Politics of TINA

Politics of TINA

The fall in public esteem of a man hailed as the liberator of the Indian economy from the clutches of socialism and inspector raj brings up the...

The fall in public esteem of a man hailed as the liberator of the Indian economy from the clutches of socialism and inspector raj brings up the continued relevance of the old adage that it is dangerous to entertain delusions of being a TINA, particularly in a country as diverse as India. Nehru to Indira Gandhi and her son Rajiv, and to the Telugu Bidda, PV, all have fallen victims to the TINA (there is no alternative) syndrome at the national level and the likes of Kasu Brahmananda Reddy and D P Mishra at the State level. A Now Manmohan Singh has joined their ranks. He will be remembered, therefore, not for his economic reforms but for inflicting on India first a policy paralysis and then a legislative paralysis.

He and his ilk may like to put the blame on the Opposition for their plight and accuse them of turning Parliament, a debating chamber, into a shouting chamber. They have a point since the BJP has not given up its post-India shining sulk, and, therefore, it misses no opportunity to raise its decibel level. A In a manner of speaking, as the Opposition, it is the BJP's privilege to kick up a row, that too when the Singh Sarkar is offering ammunition on a platter session after session. Whether the main Opposition is covering itself with glory or not is neither here nor there.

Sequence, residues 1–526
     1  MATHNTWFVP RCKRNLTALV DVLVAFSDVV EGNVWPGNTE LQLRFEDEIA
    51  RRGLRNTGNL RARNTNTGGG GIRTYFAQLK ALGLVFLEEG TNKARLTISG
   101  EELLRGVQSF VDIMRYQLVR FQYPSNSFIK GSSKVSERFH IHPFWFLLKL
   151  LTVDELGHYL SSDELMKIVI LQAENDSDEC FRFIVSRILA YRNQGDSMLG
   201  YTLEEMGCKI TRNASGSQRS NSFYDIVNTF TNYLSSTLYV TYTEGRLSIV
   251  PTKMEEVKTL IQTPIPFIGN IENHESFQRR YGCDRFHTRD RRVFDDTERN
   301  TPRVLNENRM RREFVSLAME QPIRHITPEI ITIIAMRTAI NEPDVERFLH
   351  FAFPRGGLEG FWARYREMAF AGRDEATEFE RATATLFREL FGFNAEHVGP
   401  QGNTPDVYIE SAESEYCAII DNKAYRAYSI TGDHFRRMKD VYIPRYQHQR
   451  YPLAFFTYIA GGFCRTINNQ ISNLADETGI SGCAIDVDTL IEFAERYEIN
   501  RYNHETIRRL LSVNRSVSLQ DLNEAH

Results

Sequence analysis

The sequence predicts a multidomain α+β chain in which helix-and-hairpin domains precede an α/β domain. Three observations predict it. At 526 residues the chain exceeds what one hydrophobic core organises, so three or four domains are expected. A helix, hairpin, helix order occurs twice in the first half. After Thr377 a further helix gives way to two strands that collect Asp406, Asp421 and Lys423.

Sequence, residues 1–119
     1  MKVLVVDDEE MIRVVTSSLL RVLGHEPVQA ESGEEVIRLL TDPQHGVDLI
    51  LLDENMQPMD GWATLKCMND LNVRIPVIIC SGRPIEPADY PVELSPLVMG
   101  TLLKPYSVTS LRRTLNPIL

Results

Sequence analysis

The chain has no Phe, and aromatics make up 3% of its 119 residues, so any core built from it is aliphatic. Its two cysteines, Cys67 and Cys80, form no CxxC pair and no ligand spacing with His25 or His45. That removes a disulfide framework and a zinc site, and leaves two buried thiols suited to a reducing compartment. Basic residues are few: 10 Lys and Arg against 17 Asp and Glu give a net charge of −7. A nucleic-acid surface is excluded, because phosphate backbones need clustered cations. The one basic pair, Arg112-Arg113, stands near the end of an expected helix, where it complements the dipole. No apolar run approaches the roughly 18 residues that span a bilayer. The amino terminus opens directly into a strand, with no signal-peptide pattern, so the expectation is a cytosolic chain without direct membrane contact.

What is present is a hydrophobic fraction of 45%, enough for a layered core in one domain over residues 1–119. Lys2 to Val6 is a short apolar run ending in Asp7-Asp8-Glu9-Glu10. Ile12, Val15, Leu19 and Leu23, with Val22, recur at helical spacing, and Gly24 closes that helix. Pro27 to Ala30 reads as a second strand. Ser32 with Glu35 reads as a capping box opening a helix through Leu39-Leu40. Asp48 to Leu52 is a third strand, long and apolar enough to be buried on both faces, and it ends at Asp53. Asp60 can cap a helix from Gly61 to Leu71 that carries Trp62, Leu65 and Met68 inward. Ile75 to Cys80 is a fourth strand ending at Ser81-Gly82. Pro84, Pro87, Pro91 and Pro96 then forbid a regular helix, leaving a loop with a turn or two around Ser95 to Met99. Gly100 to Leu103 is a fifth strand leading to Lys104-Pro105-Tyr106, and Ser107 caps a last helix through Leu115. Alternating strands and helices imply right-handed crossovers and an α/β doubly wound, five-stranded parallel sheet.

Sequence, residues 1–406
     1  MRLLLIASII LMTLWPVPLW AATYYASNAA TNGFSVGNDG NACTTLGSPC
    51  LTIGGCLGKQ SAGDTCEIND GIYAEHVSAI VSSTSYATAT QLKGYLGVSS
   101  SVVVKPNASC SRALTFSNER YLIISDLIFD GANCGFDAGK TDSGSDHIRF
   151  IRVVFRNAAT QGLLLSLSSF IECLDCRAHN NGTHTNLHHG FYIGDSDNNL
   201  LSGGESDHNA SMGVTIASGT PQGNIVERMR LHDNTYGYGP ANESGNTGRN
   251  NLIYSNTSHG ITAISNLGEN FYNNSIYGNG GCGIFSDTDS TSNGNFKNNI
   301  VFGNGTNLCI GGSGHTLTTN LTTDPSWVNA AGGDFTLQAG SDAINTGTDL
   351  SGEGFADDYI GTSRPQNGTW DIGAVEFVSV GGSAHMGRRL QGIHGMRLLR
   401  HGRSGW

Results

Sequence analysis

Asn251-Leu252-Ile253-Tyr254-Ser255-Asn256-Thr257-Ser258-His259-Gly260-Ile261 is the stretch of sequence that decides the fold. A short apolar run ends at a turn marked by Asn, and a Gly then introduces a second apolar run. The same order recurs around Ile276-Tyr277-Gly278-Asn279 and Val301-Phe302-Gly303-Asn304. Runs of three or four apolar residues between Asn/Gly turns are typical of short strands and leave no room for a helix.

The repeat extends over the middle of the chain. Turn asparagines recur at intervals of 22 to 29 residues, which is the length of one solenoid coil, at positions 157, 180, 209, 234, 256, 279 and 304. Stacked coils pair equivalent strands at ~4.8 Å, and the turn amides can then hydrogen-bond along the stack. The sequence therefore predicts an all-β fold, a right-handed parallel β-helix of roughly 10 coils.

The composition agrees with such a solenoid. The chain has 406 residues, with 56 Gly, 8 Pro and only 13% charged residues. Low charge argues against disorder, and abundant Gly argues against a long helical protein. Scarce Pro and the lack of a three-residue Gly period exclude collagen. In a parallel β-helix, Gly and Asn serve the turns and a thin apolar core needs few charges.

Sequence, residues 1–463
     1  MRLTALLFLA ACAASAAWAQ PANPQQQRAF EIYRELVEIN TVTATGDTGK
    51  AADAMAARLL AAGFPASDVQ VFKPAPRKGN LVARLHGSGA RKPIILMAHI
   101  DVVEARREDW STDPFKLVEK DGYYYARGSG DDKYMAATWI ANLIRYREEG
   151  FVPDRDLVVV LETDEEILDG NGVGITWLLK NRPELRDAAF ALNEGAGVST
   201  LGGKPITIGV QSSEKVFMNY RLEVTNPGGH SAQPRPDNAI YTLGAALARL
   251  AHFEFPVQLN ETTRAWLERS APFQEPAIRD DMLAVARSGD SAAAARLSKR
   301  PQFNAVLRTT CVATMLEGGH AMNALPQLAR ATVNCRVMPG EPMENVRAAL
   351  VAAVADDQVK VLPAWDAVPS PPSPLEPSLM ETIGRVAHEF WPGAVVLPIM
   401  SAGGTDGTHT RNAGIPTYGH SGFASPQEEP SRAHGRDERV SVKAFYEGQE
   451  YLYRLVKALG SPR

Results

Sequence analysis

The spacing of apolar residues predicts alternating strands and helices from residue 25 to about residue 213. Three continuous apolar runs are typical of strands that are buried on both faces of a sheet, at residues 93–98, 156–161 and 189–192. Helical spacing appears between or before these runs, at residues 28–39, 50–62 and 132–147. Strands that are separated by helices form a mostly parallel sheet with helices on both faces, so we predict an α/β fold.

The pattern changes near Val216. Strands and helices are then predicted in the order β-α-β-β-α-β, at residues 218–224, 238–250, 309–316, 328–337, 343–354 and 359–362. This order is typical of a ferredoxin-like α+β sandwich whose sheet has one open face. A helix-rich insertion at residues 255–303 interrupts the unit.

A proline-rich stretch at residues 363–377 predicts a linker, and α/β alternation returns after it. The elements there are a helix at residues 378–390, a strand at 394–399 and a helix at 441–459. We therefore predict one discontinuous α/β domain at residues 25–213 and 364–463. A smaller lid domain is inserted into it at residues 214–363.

Interestingly, sections of the Saffron Parivar are unhappy with L K Advani brigade at the helm of BJP parliamentary party; they have been openly accusing the BJP patriarch of acting as His Majesty's loyal Opposition. A The fact of the matter is the government of Manmohan Singh has allowed itself to be hauled over the coal. Yes, it is a self-inflicted wound. If the government is, indeed, ready for a debate on any subject as both Singh and Parliamentary Affairs Minister Kamal Nath argue, what makes them exploit the opening provided by the shouting brigade in the well of the House and run for cover?

A slight digression will be in order at this stage. Rabi Ray, who was the Speaker of the Lok Sabha during the National Front regime, rarely adjourned the House just because some members had trooped into the well. His refrain was: 'You have been elected to speak. Go back to your seat and say what you want to say.'

With gentle persuasion, the hardcore socialist used to cool frayed tempers and open the floor for long speeches since every parliamentarian loves to speak. There were instances when by the time the last speaker stood up there was hardly any quorum, but then the gentlemen's agreement in Parliament is that one should not raise the issue of quorum once the sitting is underway.

Before Rabi Ray became the presiding officer of the Lok Sabha, the Zero Hour was literally noise hour, making life miserable for reporters on Parliament beat. Immediately after the question hour ended, the leading lights of the Opposition front benches used to spring up on their feet, and start screaming at high pitch almost simultaneously. The backbenches had no opportunity to be heard.